Heizo Takenaka (speaker and panelist) is a professor of Faculty of Policy Management and director of the Global Security Research Institute at Keio University in Japan, and was formerly Minister for Internal Affairs and Communications (2005-2006). In his capacity as an economist and as part of his social activities, he also serves on several advisory boards and committees including: Senior Research Fellow, Japan Center for Economic Research (JCER); Director, Academyhills and Chairman, Pasona Group Inc. He was named to the Foundation Board of the World Economic Forum in 2007. Professor Takenaka’s research interest is in economic policy. In 2001, Prime Minister Junichiro Koizumi named Professor Takenaka the Minister for Economic/Fiscal Policy, in which position he chaired the Council on Economic and Fiscal Policy and steered macroeconomic policy. Over the next five and a half years, he spearheaded Japan’s economic structural reform. In 2002, Professor Takenaka was named the Minister for both Financial Services and Economic/Fiscal Policy. In 2004, he was elected to the House of Councilors, and was named the Minister for both Economic/Fiscal Policy and Privatization of the Postal Services. In this capacity, he realized the privatization of Japan Post, the biggest public enterprise in Japan. In 2005, he was named the Minister for both Internal Affairs and Communication, and Privatization of the Postal Services. The following year, Professor Takenaka returned to Keio University, leaving both the Cabinet and the House of Councilors when Prime Minister Koizumi resigned. Professor Takenaka received his B.A. in economics from Hitotsubashi University and his Ph.D in economics from Osaka University. He is the author of numerous books, including The Economy in which Fast Movers Win (1998), Policy Crisis and the Japanese Economy - A Search for the Causes of the Economic Slowdown in the 1990s (2001) and The Structural Reforms of the Koizumi Cabinet (2008).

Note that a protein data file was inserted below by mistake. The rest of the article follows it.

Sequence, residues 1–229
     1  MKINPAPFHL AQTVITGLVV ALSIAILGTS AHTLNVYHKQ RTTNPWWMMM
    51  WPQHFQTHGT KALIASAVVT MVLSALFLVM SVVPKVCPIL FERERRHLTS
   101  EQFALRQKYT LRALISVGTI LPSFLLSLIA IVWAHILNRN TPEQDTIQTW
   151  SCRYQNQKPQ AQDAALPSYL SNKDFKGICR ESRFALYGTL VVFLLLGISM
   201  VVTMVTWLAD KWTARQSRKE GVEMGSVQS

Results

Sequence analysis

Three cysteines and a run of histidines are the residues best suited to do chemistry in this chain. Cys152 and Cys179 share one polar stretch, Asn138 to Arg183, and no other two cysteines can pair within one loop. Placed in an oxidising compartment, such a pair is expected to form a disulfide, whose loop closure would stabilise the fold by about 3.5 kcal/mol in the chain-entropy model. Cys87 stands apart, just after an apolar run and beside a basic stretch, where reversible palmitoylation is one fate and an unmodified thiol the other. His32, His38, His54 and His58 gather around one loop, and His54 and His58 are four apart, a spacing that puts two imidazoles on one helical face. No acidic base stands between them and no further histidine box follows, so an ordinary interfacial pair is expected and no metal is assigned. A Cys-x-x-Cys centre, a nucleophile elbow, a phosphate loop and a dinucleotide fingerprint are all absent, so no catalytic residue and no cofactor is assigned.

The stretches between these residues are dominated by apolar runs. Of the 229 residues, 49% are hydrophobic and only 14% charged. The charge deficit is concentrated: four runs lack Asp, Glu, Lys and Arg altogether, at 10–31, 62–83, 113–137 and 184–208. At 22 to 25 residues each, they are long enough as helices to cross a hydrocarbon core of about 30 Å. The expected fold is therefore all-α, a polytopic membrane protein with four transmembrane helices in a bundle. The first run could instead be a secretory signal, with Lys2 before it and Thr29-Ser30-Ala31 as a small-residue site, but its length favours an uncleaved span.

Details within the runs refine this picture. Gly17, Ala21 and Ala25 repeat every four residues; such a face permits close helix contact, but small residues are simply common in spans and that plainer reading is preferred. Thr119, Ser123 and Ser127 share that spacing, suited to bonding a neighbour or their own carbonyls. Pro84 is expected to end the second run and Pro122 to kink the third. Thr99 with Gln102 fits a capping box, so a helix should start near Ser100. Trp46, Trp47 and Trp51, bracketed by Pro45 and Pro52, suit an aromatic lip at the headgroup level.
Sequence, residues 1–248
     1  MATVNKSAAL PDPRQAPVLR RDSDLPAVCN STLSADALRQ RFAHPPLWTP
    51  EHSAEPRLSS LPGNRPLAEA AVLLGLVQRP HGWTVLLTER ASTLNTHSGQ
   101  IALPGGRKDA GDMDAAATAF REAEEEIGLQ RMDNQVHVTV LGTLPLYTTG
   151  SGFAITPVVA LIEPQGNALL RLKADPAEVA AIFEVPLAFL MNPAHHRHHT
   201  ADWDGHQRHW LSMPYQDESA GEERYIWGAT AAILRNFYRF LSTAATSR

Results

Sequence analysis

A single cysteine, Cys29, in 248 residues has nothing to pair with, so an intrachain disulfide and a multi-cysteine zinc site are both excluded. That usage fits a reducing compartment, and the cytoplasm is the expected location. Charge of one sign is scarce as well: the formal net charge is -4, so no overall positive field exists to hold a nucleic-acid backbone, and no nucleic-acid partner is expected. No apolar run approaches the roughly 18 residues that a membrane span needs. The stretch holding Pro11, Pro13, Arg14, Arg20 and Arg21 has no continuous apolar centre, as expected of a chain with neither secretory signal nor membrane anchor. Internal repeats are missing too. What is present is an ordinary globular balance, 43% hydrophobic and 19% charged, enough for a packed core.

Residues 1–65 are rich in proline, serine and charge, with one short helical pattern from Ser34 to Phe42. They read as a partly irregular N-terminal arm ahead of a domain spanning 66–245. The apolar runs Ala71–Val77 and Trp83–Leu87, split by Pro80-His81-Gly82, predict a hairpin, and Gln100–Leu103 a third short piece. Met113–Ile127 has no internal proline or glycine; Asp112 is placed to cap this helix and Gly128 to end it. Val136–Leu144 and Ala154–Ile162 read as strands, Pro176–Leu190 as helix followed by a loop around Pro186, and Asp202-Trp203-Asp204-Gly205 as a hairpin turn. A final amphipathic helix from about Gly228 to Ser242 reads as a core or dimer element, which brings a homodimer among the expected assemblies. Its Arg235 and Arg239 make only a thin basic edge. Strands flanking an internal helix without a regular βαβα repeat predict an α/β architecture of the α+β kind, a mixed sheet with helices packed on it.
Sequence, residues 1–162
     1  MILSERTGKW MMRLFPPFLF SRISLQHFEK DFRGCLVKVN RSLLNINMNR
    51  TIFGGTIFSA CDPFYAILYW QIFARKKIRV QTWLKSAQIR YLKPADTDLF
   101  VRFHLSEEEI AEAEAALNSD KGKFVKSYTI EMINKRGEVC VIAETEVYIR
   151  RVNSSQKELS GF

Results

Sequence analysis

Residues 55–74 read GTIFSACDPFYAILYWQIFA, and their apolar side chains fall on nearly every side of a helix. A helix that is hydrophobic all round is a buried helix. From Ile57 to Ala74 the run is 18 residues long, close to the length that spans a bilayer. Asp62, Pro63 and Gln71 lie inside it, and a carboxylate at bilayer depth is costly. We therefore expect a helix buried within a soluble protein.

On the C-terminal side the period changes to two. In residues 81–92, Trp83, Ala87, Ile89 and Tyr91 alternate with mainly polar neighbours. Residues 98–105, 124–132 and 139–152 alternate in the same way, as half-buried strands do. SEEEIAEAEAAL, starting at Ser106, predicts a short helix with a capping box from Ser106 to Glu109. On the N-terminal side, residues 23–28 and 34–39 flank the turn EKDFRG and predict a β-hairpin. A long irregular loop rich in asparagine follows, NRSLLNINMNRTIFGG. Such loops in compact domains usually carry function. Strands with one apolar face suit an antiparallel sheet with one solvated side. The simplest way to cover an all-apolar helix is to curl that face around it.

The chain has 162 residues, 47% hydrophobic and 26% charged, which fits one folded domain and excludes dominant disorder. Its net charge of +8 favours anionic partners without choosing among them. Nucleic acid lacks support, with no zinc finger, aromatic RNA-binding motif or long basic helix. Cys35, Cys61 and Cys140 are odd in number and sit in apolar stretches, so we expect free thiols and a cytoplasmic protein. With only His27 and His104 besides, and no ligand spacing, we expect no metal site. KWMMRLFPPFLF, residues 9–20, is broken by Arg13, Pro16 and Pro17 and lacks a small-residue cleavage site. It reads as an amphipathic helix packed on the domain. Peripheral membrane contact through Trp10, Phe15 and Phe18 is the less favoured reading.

Koichi Hamada (panelist) is Tuntex Professor of Economics at Yale University, where he specializes in the Japanese economy and international economics, and Professor Emeritus at the University of Tokyo, where he taught before coming to Yale in 1986. Hamada’s work on policy coordination, one of which first applied game theory to international finance, was published as The Political Economy of International Monetary Interdependence (MIT Press, 1985), and some of his economic articles are collected in Strategic Approaches to the International Economy: Selected Essays of Koichi Hamada (Edward & Elgar, 1996). Hamada was the President of the Japanese Association of Economics and Econometrics (now the Japan Economic Association) from 1994 to 1995 and was the founding President of the Japan Law and Economics Association in 2003 (now its honorary fellow). He was a recipient of Nikkei Tosho Bunka Prize (1967) for “Economic Growth and Capital Movements,” the Ekonomisuto prize (1980) for “Banking Behavior and Monetary Policy.” He was also awarded the Otto Eckstein Prize (1988) by the Eastern Economic Association for “The Impact of the General Theory in Japan,” recognized as the best article in the Eastern Economic Review for the year. In 2006 he was awarded the imperial decoration, the Order of the Sacred Treasure, Gold and Silver Star, which is given to those who have accumulated distinguished achievements for Japan.